Microsoft consumes Activision; and a plea
Friday, October 13, 2023
Comments: 61 (latest October 29)
Tagged: microsoft, activision, monopolies, infocom, history, preservation
The gavel has fallen; the cup has been stomped; pick your metaphor. Microsoft has succeeded in its almost-two-year quest to gobble up Activision.
The peculiar side effect in my corner of the world is that Microsoft now owns the dusty remains of Infocom. Microsoft owns all the classic Infocom games (except maybe Hitchhiker and Shogun). They own the rights to sell the games. They own the rights to make more Zork spinoffs.
Of course, from a corporate point of view, this means exactly nothing. Activision has kept a few Infocom games up on GOG (EDIT: and Steam). For a while they sold them for iOS, but that was too much work so they stopped. In 2009 they flirted with a casual Zork tie-in that went nowhere. None of this rates even a footnote in the Microsoft acquisition prospectus, which I imagine is six hundred pages of Candy Crush stats with an appendix mentioning WoW and CoD as "also nice to have".
But of course I'm interested in the Zork stuff. Let's follow the bouncing brogmoid!
- 1979: Infocom is founded. It enjoys a few years of wild stardom, followed by an inevitable downturn in the face of graphical games. (Plus the whole Cornerstone thing.)
- 1986: Activision acquires Infocom, saving Infocom's bacon for a couple of years.
- 1987: Activision's board replaces CEO Jim Levy, who had brought Infocom on board, with Bruce Davis.
- 1988: Davis shakes up Activision and renames it Mediagenic.
- 1989: Mediagenic/Activision shuts down Infocom as a studio. (It keeps the name alive as an adventure publishing label.)
- 1990-1991: Mediagenic is now itself sliding down the tubes.
- 1991: Bobby Kotick buys the carcass of Mediagenic. To make a quick buck, he has the Infocom library reissued, which saves his bacon. Also there's Return to Zork.
- 1992-1993: Kotick mulches the rest of Mediagenic and reorganizes it as (effectively) a new company called Activision.
- 1996: Activision reissues the Infocom games again as the Masterpieces CD-ROM. As a bonus, this includes the winners of the first IFComp, including A Change in the Weather. No complaints.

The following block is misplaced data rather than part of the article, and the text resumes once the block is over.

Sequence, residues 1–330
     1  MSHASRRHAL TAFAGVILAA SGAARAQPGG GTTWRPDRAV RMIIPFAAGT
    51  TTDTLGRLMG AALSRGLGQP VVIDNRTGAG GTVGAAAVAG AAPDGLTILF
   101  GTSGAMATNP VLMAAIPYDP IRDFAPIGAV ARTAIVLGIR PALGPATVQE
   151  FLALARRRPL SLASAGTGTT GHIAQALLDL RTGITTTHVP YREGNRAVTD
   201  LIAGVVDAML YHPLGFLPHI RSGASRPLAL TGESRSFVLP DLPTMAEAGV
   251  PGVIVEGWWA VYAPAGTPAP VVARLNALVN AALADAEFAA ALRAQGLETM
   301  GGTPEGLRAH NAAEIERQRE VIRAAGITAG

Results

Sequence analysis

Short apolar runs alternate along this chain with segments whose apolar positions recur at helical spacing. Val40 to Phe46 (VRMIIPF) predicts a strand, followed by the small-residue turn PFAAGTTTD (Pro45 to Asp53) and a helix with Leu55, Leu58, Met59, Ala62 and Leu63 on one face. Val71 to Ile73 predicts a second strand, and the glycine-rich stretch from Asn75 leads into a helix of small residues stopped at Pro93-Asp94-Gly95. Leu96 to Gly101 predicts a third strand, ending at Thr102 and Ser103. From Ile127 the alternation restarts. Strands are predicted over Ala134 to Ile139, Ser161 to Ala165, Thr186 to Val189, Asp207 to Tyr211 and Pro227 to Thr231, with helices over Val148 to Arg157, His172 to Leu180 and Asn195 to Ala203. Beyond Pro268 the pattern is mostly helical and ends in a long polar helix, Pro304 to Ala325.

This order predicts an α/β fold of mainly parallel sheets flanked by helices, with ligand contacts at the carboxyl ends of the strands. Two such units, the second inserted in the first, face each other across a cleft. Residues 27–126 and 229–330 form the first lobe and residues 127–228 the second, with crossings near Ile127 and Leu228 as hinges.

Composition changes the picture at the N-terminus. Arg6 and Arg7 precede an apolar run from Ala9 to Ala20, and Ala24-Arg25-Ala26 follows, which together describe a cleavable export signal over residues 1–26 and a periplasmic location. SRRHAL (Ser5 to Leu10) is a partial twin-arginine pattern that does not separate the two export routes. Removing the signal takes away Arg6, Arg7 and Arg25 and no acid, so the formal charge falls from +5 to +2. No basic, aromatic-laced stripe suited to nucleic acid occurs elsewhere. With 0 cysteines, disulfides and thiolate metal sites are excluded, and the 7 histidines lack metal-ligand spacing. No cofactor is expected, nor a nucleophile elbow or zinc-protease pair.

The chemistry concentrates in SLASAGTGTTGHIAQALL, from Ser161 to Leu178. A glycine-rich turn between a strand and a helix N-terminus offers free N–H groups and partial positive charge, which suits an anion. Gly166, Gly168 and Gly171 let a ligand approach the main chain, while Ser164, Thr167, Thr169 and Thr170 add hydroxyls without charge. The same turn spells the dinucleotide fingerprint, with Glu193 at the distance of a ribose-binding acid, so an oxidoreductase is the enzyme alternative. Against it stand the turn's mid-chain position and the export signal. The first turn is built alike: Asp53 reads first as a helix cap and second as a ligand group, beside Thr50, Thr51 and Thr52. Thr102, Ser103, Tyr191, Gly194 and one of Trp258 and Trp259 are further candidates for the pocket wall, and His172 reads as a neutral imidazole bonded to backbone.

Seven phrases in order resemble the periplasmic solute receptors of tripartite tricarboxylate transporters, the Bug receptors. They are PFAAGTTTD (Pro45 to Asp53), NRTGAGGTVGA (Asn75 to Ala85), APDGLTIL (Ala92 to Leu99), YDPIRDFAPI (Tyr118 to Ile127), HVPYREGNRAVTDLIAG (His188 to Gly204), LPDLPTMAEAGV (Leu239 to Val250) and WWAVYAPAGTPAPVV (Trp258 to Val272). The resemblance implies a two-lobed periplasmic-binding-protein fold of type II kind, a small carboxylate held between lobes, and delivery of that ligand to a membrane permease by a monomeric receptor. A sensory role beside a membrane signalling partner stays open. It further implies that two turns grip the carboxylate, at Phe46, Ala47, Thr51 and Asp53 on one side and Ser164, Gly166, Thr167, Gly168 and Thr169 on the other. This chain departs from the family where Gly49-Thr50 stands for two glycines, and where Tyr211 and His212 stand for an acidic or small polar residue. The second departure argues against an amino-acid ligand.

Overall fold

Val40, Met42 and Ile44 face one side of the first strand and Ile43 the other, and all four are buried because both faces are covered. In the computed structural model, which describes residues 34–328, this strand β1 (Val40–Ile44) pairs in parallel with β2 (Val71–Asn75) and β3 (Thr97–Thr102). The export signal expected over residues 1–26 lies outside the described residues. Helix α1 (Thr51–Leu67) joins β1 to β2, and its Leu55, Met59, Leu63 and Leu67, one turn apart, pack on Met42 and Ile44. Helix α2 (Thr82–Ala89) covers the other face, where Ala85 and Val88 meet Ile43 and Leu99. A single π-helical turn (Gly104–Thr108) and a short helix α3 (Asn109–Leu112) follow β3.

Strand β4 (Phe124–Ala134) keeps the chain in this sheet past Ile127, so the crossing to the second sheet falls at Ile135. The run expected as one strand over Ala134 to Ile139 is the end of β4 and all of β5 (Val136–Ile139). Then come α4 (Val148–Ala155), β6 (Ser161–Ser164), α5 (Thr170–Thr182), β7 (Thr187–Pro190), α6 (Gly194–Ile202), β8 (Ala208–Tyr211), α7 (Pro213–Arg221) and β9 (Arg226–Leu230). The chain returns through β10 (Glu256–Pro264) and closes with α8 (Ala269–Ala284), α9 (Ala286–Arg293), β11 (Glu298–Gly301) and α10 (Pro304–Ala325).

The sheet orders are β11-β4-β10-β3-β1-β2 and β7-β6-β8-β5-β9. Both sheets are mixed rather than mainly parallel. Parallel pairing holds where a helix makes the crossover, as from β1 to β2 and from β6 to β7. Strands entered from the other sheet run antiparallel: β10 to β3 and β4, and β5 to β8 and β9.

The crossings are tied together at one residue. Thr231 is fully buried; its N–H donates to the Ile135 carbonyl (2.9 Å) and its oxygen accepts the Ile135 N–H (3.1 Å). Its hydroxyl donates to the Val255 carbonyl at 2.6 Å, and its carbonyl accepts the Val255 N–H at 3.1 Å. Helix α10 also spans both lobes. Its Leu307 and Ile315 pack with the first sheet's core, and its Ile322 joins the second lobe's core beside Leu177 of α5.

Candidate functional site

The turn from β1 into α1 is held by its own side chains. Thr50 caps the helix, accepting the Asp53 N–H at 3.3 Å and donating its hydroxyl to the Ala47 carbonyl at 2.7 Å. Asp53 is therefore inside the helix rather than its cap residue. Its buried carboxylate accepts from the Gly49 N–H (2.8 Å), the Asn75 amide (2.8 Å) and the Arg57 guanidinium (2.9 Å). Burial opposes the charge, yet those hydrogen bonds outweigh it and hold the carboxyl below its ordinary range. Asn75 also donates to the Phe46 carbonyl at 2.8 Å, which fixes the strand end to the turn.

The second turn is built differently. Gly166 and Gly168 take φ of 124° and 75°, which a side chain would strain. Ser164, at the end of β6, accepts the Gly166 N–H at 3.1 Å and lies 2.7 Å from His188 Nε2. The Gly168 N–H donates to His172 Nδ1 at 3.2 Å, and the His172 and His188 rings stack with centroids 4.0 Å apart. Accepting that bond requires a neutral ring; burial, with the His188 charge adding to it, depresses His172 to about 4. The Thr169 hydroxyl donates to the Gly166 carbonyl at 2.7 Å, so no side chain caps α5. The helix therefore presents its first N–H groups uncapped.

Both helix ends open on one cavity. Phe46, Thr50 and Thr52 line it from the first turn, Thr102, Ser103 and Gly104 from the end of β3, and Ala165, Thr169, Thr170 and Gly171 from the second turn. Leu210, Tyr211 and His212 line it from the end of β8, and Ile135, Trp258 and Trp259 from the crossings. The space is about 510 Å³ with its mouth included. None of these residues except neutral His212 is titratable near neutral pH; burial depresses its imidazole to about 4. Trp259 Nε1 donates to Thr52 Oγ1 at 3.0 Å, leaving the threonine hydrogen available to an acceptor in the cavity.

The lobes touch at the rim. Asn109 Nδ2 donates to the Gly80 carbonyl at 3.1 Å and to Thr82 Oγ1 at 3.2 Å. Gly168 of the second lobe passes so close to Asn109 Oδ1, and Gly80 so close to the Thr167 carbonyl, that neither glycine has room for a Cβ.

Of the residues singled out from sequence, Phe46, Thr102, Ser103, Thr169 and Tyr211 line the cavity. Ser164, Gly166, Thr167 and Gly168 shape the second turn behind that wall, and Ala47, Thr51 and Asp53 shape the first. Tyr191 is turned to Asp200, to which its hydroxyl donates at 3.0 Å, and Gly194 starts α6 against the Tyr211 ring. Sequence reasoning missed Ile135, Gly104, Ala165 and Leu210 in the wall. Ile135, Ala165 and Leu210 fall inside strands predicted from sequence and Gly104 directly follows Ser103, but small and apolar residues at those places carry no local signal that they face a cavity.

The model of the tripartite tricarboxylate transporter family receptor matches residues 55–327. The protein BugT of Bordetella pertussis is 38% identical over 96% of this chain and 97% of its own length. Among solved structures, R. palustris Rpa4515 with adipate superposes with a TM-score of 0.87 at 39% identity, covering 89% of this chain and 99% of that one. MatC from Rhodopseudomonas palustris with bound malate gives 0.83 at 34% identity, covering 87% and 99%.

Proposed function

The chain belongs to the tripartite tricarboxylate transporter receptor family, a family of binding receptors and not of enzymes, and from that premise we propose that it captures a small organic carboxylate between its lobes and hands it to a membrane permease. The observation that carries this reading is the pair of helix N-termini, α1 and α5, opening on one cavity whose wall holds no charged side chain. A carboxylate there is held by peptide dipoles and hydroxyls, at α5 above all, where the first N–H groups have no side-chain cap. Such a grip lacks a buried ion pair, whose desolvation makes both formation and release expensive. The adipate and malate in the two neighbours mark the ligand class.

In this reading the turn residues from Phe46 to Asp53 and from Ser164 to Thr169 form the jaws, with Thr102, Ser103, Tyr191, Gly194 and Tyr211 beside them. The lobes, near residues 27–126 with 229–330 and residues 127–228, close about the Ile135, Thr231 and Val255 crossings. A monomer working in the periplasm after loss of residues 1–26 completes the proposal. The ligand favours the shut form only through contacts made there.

- 2008: Activision merges with Vivendi/Blizzard, forming "Activision Blizzard". Despite the name, if you look at the details it's really more like Vivendi acquiring Activision.
- 2016: Now it's "Activision Blizzard King".
- 2022: Microsoft gets a gleam in its eye. Microsoft does not offer to change its name to "Microsoft Activision".
Depending on how you count, that's three-to-five companies which have died and passed the Infocom IP on to a successor.
(And the Implementors, aka the folks who wrote the Infocom games in the first place? They never had any rights to the stuff. They were on salary. All the Infocom games were "works for hire".)
So why am I digging this up? Aside from "history is interesting", which it is.
Microsoft-the-company does not care about Infocom. But a lot of people in Microsoft must care. Microsoft is heavily populated by greying GenX nerds just like me. Folks who grew up with the first home computers and fondly remember the games of the early 1980s.
To those nerds, I direct this request:
It is time to do right by the memory of Infocom. It is time to let it go.
For twenty years, Infocom properties have existed in a foggy hinterland of "Well, Activision owns it, but... you know. You can find the stuff online." I don't just mean the games! It's also the manuals, the advertisements, the packaging, all the ephemera. It's all available, but... you know. Illegally.
This represents an enormous success of videogame history preservation -- except when you look at those links, they're all individual hobbyists who just collect stuff. (Spoiler: one of them is me.) The lucky ones maybe got an Activision guy to say "Sure, you have permission to do that" back in the mid-90s. Everyone else is just skating by on legal obscurity.